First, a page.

'emphasised the national archaeological importance of this ‘very special landscape’, whose setting, atmosphere and amenity value would be severely harmed by the creation of an extensive industrialised landscape on the north-eastern edge of the moor, and by associated noise levels and traffic movements ... the proposed quarrying would have a significant impact, not only on the Nine Ladies stone circle and King Stone, but on the scheduled monument as a whole' (McGuire and Smith 2007).

As a result of the threat to the site a group of protesters established a camp close to the stones in 1999 and fought a long running battle to oppose the quarry proposals and to keep the plight of Stanton Moor in the public eye, finally being vindicated in 2008 when Stancliffe Stone relinquished all future mining rights at the two quarries.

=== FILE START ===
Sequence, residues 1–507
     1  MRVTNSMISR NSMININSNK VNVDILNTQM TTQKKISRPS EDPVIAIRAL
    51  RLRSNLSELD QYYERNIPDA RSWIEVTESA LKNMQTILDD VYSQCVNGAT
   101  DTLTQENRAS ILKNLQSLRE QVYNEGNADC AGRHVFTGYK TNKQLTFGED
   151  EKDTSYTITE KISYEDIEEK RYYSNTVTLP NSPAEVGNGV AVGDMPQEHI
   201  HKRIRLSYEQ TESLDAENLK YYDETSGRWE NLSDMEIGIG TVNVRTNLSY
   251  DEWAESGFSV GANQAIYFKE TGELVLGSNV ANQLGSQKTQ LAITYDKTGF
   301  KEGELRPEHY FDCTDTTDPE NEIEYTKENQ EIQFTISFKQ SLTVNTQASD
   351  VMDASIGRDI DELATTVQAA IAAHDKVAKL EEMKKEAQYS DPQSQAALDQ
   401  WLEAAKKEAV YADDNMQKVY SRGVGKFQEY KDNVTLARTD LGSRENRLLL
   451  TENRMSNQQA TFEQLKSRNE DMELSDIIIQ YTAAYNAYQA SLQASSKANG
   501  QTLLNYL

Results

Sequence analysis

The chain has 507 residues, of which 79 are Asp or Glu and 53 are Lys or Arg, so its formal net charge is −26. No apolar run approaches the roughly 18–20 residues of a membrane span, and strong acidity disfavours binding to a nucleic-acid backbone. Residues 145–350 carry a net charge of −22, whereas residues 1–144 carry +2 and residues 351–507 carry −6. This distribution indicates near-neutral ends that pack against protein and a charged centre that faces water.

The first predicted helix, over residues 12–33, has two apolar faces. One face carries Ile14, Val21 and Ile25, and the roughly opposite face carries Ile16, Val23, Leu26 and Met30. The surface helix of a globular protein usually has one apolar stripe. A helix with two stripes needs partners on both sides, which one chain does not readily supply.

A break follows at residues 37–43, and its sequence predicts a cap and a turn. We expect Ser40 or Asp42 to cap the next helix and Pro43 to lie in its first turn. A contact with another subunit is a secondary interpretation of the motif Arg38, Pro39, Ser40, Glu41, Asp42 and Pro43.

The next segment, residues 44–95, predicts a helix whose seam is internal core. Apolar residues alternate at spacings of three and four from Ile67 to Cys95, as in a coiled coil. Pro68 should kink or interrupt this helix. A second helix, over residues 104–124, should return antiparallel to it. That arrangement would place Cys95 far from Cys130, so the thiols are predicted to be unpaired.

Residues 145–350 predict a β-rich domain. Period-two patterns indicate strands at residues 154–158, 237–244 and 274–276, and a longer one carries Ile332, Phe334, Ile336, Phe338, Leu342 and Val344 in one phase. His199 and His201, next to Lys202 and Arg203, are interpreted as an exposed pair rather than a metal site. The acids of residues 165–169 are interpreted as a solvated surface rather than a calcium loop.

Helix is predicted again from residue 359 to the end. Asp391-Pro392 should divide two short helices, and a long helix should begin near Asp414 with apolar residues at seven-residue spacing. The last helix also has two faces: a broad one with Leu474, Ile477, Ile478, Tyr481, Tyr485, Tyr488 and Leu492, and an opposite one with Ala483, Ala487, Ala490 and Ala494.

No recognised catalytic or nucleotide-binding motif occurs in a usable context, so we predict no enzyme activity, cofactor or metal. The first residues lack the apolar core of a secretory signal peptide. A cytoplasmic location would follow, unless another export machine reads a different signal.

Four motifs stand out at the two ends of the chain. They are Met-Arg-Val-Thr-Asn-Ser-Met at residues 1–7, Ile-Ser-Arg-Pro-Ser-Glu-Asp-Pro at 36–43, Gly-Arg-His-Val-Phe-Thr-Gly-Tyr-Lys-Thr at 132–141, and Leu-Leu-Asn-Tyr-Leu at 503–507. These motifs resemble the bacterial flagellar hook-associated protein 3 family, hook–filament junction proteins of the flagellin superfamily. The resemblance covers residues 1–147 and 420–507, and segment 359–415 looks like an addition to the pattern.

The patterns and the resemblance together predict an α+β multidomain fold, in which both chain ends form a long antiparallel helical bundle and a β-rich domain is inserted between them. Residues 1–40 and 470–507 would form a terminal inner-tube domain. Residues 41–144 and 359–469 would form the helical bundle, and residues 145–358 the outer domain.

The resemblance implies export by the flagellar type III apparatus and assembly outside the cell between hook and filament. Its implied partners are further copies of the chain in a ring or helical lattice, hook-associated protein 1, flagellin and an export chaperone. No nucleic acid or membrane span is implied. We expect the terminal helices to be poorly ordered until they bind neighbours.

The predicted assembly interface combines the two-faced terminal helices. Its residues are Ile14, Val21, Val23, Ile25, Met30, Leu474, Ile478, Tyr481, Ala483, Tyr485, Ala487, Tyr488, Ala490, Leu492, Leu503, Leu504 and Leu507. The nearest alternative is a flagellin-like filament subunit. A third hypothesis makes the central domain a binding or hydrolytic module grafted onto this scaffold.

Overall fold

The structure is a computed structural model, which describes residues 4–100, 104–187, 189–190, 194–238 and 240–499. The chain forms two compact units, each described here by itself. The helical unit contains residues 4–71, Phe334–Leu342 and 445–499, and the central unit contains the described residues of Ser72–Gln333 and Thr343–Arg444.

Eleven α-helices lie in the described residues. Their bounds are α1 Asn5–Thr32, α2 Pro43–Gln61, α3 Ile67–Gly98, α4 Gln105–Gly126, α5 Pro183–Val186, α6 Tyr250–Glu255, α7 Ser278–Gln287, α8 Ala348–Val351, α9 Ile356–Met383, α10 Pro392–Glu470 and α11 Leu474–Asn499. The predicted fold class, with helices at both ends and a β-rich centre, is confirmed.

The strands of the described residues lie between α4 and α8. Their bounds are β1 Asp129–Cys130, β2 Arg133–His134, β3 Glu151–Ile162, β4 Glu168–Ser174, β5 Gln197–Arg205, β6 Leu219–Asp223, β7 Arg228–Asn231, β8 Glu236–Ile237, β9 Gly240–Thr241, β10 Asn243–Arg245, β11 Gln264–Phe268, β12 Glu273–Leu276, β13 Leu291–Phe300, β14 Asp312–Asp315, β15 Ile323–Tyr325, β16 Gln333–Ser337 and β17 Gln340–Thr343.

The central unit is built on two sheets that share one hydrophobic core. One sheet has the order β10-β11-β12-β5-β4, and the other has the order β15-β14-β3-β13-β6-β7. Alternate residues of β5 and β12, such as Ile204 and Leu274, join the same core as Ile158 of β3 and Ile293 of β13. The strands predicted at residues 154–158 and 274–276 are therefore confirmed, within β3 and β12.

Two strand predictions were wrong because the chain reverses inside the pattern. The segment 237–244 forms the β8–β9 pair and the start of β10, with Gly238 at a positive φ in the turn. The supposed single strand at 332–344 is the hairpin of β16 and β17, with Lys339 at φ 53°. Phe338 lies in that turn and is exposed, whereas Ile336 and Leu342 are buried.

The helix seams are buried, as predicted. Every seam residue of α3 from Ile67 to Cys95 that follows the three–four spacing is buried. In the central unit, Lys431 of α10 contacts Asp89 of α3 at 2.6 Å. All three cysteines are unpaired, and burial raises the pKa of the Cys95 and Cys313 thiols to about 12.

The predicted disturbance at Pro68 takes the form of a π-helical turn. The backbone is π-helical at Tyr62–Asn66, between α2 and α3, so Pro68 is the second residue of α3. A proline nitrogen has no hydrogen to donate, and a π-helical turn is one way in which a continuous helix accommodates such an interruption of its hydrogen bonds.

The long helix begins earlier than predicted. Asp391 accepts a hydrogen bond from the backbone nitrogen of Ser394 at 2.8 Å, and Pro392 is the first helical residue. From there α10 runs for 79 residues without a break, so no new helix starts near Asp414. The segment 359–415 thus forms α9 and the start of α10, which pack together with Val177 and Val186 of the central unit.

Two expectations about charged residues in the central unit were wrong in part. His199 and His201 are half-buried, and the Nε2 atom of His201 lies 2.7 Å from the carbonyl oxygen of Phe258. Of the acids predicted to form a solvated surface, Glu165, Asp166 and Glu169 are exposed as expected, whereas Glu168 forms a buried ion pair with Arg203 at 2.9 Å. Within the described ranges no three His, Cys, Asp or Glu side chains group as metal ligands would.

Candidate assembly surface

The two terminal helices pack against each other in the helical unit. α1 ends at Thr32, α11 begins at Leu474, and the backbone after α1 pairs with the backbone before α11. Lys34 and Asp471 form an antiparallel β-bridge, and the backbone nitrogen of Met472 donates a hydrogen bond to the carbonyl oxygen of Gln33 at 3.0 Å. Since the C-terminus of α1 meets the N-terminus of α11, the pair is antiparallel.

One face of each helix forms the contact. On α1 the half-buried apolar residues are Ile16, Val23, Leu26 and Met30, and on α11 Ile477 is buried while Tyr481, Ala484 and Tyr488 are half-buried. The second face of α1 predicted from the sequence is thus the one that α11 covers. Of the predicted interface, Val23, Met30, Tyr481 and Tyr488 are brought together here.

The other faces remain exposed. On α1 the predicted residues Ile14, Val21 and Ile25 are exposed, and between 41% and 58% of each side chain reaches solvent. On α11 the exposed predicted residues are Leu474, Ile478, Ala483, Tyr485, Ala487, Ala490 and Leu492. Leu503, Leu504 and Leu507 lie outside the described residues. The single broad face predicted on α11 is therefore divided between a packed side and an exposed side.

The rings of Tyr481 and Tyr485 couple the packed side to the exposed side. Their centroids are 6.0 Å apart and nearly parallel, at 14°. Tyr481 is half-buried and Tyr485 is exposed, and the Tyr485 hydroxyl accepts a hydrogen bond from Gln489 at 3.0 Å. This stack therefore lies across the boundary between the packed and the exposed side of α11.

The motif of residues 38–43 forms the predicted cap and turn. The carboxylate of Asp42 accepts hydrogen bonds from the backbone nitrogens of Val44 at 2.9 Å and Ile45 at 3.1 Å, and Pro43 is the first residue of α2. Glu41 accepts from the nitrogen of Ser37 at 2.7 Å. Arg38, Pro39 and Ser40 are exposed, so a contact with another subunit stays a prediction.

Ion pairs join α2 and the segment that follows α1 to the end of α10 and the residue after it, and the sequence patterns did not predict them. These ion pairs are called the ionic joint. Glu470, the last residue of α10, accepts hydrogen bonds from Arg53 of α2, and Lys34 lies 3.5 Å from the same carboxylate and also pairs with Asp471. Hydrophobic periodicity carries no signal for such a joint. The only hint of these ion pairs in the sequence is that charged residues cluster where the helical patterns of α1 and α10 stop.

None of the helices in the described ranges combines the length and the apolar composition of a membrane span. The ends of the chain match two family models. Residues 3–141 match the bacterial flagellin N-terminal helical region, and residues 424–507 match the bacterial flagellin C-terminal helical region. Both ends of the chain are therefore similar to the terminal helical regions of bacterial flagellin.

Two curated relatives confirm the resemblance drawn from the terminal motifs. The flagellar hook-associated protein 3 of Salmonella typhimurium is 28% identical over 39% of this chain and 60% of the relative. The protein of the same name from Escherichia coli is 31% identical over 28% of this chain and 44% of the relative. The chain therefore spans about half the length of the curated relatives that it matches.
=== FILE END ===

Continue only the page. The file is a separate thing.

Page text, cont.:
The Nine Ladies are located towards the northeast of Stanton Moor at a height of about 298 metres above sea level and form part of a chain of circles and ring cairns that runs in a rough line just to the east of the spine of the moor including the badly damaged circle of Stanton Moor I 200 metres to the north, Stanton Moor III which is either another circle or ring cairn and the similar circle of Stanton Moor IV, 240 metres and 630 metres to the south-southwest respectively. This eastern side of the moor is rich in prehistoric monuments (see Stanton Moor Introduction page for overview maps), many others probably existed to the west but have subsequently been destroyed by mining operations and although there have been finds from some of the nearby barrows and cairns nothing has been found from within the stone circle itself that would allow it to be precisely dated. Assuming it is contemporary with the collection of collared urns, pygmy cups, barbed and tanged arrowheads and flint, bone and occasionally bronze tools recovered from the moor then the circle probably dates from the early Bronze Age, perhaps sometime between 2000-1500BC.